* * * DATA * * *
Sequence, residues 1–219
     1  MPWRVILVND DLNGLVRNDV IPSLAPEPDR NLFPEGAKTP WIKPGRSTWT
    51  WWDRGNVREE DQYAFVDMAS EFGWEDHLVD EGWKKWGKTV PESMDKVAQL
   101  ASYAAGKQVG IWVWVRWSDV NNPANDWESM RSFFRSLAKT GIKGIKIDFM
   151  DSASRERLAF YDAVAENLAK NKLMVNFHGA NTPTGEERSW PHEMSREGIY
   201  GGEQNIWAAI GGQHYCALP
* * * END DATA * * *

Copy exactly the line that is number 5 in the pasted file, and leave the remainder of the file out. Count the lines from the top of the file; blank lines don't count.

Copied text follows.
   151  DSASRERLAF YDAVAENLAK NKLMVNFHGA NTPTGEERSW PHEMSREGIY